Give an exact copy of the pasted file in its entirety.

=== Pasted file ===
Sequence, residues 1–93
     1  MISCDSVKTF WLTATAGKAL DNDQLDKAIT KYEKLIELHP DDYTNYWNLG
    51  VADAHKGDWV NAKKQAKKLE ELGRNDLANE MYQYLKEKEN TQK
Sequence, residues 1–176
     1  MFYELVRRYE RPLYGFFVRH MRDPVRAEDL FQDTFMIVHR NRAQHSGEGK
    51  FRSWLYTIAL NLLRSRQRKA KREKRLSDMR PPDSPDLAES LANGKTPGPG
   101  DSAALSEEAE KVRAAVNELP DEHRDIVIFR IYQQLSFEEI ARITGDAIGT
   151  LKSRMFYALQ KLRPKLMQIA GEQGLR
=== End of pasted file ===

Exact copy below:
Sequence, residues 1–93
     1  MISCDSVKTF WLTATAGKAL DNDQLDKAIT KYEKLIELHP DDYTNYWNLG
    51  VADAHKGDWV NAKKQAKKLE ELGRNDLANE MYQYLKEKEN TQK
Sequence, residues 1–176
     1  MFYELVRRYE RPLYGFFVRH MRDPVRAEDL FQDTFMIVHR NRAQHSGEGK
    51  FRSWLYTIAL NLLRSRQRKA KREKRLSDMR PPDSPDLAES LANGKTPGPG
   101  DSAALSEEAE KVRAAVNELP DEHRDIVIFR IYQQLSFEEI ARITGDAIGT
   151  LKSRMFYALQ KLRPKLMQIA GEQGLR